Earlier this year, Canon announced several new additions to its highly popular IXUS range of stylish, ultra-portable compact cameras.

The Canon IXUS 125 HS is priced as an entry-level model in the company's new lineup, yet its headline specifications are impressive.

Canon has given the IXUS 125 HS a range-topping 16.1MP back-illuminated CMOS sensor, as well the brand new Digic 5 processing chip. If Canon's claims are accurate, Digic 5 promises six times faster image processing and a 75 per cent reduction in image noise.

Add in the high-sensitivity (HS) capabilities of the Canon IXUS 125 HS's sensor and we have a camera that should deliver detailed images, with well-controlled image noise and good dynamic range.

Canon IXUS 125 HS review

Despite being contained in such a compact body, the Canon IXUS 125 HS contains a useful 5x optical zoom range equivalent to 24-120mm. This should give it the capacity to shoot decent group shot close-ups and extend to capture most distant subjects in detail.

A host of additional features are included to make the Canon IXUS 125 HS as simple as possible to use. The Smart Auto mode automatically selects the best camera settings from a selection of 58 presets, which should cover most shooting scenarios.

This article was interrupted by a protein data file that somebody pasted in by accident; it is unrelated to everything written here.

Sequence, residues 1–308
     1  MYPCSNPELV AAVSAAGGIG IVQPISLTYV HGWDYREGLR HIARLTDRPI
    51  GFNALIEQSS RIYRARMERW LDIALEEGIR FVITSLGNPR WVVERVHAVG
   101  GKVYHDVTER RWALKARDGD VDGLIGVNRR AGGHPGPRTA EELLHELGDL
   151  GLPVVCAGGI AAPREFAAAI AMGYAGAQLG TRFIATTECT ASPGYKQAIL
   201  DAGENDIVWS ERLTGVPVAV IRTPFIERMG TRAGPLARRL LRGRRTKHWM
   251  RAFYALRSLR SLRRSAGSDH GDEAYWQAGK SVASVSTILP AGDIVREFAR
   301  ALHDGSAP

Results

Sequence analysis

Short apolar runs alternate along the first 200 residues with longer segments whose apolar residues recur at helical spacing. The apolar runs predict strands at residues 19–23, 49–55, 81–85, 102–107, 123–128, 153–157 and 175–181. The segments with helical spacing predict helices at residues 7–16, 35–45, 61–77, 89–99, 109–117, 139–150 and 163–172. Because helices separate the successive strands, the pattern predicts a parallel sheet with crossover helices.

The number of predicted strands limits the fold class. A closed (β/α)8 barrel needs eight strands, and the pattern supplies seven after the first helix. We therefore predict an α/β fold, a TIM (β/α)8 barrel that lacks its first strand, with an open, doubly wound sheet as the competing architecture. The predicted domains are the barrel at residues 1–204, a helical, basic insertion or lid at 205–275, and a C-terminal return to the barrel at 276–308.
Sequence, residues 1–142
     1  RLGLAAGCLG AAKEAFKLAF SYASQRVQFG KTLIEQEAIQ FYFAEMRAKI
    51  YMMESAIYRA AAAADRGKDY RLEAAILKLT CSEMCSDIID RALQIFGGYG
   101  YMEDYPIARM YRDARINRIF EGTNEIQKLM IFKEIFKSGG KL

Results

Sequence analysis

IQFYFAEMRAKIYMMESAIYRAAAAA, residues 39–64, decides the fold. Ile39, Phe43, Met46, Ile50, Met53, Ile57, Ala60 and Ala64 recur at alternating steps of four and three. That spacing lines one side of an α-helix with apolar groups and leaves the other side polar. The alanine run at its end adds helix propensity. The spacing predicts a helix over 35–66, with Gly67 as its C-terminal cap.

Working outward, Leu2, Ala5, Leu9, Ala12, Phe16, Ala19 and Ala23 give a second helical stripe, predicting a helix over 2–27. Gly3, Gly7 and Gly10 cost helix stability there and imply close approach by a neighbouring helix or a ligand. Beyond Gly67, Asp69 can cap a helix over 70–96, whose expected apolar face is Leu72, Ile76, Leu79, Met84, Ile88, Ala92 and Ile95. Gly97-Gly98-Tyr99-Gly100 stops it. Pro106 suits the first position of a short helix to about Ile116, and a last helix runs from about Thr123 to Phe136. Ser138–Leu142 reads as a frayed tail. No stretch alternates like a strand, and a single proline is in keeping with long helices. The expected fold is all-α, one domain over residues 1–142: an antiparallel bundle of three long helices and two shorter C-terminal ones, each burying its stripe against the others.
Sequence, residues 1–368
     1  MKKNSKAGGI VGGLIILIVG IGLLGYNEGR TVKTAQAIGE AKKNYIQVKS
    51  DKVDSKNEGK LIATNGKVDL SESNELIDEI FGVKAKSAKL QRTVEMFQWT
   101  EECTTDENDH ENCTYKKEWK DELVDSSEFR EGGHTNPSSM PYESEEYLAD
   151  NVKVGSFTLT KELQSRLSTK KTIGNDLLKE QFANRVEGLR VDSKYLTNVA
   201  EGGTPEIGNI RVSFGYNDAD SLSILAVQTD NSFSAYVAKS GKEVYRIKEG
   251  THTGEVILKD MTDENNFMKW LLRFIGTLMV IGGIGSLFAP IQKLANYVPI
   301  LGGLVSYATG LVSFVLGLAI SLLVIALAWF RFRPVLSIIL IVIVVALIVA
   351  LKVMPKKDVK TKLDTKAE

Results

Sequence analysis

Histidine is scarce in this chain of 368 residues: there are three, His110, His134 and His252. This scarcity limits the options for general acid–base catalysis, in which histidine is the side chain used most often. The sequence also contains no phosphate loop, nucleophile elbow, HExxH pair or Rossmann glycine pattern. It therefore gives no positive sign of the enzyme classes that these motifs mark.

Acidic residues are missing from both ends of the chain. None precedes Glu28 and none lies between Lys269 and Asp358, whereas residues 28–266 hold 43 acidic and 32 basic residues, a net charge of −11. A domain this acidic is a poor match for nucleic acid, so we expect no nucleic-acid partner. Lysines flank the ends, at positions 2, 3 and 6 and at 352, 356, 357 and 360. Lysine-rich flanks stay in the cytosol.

Priced at £230 in the UK or around $360 in the US, the Canon IXUS 125 HS costs around the same as fellow 16MP cameras the Sony Cyber-Shot DSC-HX9V and Samsung MV800, and more than the 16MP Nikon Coolpix S6200 and Fuji FinePix F600 EXR.

Canon IXUS 125 HS review

The camera is capable of Full HD video recording at 24fps with optical zoom enabled. To avoid excessive camera shake when recording at the telephoto end of the zoom range, the 'Intelligent IS' optical image stabilisation is also active while in movie mode.

Viewing these recordings straight from the camera on an HD-ready television is possible through the inclusion of a mini HDMI connection.

Canon's Face ID face detection system is capable of registering up to 12 specific faces, and even their corresponding ages.

The camera can then use this information to adjust shooting settings appropriately, such as deactivating the flash when the pre-programmed face of a sleeping baby is detected.